Senators rejected this morning a binding three-year ban on earmarks proposed by Sen. Tom Coburn (R., Okla.). The vote failed 39 to 56, well short of the 67 votes required to advance the measure, but was the strongest showing ever by earmark opponents. Also, Coburn succeeded in his goal to get Senators on the record on pork spending.
Seven Democrats backed the proposal: Sens. Evan Bayh (Ind.), Michael Bennett (Colo.), Russ Feingold (Wis.), Claire McCaskill (Mo.), Bill Nelson (Fla.), Mark Udall (Colo.), and Mark Warner (Va.). All are either freshman members, retiring/defeated members, or up for reelection in 2012.
Eight Republicans, primarily members of the Appropriations Committee, went on the record against the ban: Sens. Bob Bennett (Utah), Thad Cochran (Miss.), Susan Collins (Maine), James Inhofe (Okla.), Lisa Murkowski (Alaska), Richard Lugar (Ind.), Richard Shelby (Ala.), George Voinovich (Ohio).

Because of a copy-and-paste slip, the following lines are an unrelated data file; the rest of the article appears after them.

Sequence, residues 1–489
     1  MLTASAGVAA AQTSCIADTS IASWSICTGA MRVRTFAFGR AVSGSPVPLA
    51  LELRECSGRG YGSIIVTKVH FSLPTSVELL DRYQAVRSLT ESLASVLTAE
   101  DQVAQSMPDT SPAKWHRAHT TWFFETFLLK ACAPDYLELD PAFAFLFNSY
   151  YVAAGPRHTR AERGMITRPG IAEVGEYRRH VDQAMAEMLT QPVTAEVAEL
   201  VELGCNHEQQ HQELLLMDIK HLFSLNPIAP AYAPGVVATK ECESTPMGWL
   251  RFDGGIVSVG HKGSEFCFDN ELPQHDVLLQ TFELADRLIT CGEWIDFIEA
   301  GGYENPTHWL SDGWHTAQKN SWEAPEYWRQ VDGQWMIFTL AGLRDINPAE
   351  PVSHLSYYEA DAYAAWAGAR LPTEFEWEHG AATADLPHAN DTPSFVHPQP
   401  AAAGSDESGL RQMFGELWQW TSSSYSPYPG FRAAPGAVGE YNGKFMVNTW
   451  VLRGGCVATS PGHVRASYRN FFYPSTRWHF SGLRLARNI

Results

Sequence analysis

As Cochran and other have made clear, everyone on that list — apart from Bennett (defeated in primary) and Voinovich (retiring) — should expect a primary challenge in their next election. Only Lugar is up in 2012, though he has been especially defiant in the face of criticism from the right, earning him a place in the heart of the The New York Times.
Even without a formal ban, pork-lovers are going to have a difficult time keeping the practice alive in the 112th Congress, with House and Senate Republicans voting to do away with earmarks on their own. Expect the GOP to continue its efforts to isolate Harry Reid and Senate Democrats on the issue.
It will be interesting to see how the Democratic leadership responds, specifically in regard to the pork-laden omnibus spending bill awaiting a vote. From Politico:
The massive bill already represents a serious bipartisan effort to reach a compromise by cutting up to $26 billion from President Barack Obama’s 2011 budget. And with nearly 40 senators supporting the moratorium, the Appropriations Committee leadership faces the threat of endless delays if some accommodation is not reached.
In private conversations, such steps are not being ruled out, and the combination of budget cuts and no binding legislative earmarks would be a sea change from where Congress stood just months ago. But with fiscal deadlines fast approaching — and the continuing election-year acrimony — it’s not clear the parties are prepared to grasp the potential deal before them.